• The Kutch Mahotsav aptly called the 'Mahotsav' (great festival) is a guided tour of the life and times of Kutch, its beauty, nostalgia, ethos, traditions, culture and spirit. Kutch Mahotsav is usually organized during February and March each year. The festival organized by the Tourism Corporation of Gujarat, is a six-day tour into the heartlands of Kutch. The tour includes a visit to Bhuj at the heart of Kutch, Mata no Madh, an old temple dedicated to the mother goddess believed to be 1200 years old. Lakhpat, a deserted port transports you to a time when it was once the hub of Gujarat's flourishing sea trade. The Mahotsav also takes you to Narayan Sarovar, one of the most sacred pilgrimage sites for orthodox Hindus, Koteshwar and Bhadreshwar, also important pilgrimage centres along the Mahotsav circuit. Anjar, the beaches of Mandvi, Dhola Vira's archaeological ruins and the rural fair at Dhrang completes a rich insight into Kutch, its colourful people, historic towns and remarkable handicrafts.

Fair of "Mota Yaksh"

  • Fair of "mota yaksh" (at kakdbhit, bhadrapad sud, 15--- sept) This is the largest fare in kutch. 40kms. Far from bhuj, this festival lasts for three days.Its a legend that "yakshas(angels!!)" came here to save the people from cruel rural, and taught them some skills to improvise their life style. Since then people are celebrating this fare near the temple built in their memory. This place is also known as mini " taranetar " (largest fair of gujarat)".

Fair of Hajipir

  • Fair of "Hajipir" (at hajipir(banni), 1st monday of april(chaitra).) This fare is celebrating in the memory of a holy saint "haajipir". This fare represents the true non-secularism of the kutch. Saint "haajipir" was muslim, but this place is as holy for "hindus " as it is for "muslims". He spent his days in the service of people. He died in an attempt to save cows from bandits. He is also known as "zinda (alive) pir". His place is also known as "haajipir" and it is 100 kms. Far from "bhuj".

Dada Mekan Fair

  • Dada Mekan" Fair (at "dhrang", 30 kms. far from bhuj) On very holy festival of lord "shiva","mahashivratri", this fare is celebrated for remembrance of the great saint "dada mekan". He has spent his whole life in desert to help any one lost in the great rann of kutch, with the help of their great partners a dog and a donkey. Gujarat tourism organizes the "kutch festival" during this fare. This fare is also famous its glory of rural tradition and "malakhdo (wrestling)" and "renkda dod (cart racing )"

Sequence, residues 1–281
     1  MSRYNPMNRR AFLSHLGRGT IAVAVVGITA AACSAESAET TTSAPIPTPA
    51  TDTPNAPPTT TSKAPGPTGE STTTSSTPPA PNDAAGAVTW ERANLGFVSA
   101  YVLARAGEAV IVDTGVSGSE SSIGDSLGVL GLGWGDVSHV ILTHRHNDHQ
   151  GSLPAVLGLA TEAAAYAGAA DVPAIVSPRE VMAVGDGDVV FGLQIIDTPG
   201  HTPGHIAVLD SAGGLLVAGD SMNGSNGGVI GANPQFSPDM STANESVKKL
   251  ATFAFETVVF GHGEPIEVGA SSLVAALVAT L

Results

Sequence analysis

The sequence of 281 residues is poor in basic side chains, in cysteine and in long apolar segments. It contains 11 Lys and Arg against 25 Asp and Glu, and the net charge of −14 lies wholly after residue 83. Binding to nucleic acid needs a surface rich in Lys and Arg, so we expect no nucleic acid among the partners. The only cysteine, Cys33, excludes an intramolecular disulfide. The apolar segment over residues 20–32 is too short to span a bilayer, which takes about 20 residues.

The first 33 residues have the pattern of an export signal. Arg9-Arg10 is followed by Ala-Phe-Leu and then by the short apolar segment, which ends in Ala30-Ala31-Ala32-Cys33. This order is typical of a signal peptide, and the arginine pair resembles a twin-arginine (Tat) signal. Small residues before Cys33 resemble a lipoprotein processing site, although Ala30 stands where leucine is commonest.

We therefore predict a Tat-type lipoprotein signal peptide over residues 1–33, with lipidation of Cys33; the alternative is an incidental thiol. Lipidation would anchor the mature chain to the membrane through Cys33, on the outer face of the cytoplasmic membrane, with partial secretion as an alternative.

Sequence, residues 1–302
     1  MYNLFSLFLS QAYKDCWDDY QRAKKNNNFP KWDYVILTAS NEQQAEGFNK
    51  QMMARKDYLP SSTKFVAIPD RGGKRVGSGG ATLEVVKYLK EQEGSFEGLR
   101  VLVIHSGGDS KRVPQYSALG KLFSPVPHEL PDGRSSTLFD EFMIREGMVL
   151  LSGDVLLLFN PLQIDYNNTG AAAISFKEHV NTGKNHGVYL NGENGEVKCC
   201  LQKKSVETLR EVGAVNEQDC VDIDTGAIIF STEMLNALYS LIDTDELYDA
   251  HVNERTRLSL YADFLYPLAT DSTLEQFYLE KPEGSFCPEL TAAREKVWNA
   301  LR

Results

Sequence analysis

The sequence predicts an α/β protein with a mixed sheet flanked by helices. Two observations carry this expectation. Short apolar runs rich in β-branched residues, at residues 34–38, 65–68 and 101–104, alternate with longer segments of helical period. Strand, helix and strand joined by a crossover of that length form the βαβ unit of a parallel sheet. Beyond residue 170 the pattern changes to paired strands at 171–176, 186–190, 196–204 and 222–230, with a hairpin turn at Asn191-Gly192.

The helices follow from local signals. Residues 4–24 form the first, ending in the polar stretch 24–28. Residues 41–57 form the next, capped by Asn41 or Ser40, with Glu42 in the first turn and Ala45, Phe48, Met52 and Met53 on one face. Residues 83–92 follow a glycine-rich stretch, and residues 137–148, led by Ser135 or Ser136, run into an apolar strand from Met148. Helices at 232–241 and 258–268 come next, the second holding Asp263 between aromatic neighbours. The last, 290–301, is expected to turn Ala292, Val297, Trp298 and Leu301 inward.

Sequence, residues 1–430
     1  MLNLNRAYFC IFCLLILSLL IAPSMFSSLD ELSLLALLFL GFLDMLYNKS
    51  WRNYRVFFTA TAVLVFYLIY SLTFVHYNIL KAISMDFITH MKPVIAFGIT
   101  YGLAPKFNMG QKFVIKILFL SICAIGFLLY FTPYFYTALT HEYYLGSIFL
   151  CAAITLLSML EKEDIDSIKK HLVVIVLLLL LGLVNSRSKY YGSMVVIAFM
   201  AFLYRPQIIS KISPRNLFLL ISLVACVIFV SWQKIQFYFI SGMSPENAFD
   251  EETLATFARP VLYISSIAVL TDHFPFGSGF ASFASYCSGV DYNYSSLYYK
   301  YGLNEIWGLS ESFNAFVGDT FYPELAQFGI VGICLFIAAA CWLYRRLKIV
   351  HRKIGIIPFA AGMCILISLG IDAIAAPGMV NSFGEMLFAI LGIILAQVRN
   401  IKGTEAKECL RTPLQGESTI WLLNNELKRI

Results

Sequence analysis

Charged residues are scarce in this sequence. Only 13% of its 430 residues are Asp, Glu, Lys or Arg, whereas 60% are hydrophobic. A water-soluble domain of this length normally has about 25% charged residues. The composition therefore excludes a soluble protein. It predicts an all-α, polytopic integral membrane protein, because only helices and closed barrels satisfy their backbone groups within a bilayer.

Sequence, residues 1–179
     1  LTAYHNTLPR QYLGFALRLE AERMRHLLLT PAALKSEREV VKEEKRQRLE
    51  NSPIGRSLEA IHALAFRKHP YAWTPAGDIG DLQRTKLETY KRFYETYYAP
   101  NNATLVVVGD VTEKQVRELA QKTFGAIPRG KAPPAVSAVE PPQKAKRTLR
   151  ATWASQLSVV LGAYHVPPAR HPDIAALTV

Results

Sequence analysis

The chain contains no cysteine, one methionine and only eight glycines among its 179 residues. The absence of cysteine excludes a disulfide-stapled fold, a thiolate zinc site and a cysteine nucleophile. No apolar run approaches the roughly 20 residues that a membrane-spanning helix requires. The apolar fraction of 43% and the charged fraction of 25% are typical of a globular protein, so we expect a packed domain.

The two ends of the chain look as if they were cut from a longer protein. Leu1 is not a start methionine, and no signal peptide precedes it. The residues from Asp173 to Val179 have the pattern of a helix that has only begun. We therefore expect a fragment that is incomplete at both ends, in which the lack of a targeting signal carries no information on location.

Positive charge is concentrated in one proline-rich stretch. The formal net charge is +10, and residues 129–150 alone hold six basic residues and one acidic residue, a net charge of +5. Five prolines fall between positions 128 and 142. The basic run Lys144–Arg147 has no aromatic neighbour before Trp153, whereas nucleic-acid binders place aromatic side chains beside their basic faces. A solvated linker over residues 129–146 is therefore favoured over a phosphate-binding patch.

Fair of Shitla Saptami

  • Shitla Saptami Fair ("saatam-aatham") On the occasion of the birthday of lord "krishna", this fare is celebrated by warm hearted people at "hamirsar lake", bhuj. Its a two days festival, first day is celebrated as "shitla saptami" or "saatam"and another day is celebrated as "janmashtami" or "aatham". On the second day processions for breaking the "mataki (pot)" hanging overhead with milk products and some money. This is done in remembrance of early days of lord "krishna", when he was at "gokul".

Fair of "Jesal-Toral"

  • Fair of "Jesal-Toral" (at anjar, on shravan vad 7th & 8th August.) This fare is celebrated in the memory of saintly couple "jesal" and "toral". Jesal was famous bandit of kutch, and toral was a holy princess. The company of toral changed the jesal and he became the saint. Together they served the people in kutch. This fare is held at "anjar" 45 kms. From "bhuj", this fare is also one of the most famous and worth watching.

Bhujia fair or "naagpanchmi"

  • Bhujia fair or "naagpanchmi" (shravan sud 5, august) At the foot of the hill "bhujia", bhuj, this fare is celebrated to pray "naag dev (snake god)" . The temple of "naag dev" is located at the top of "bhujia" hill". As this land is depending on agriculture, the snacks are serving the purpose of keeping insects and mice away from crop, indians are paying the snacks back by worshiping them.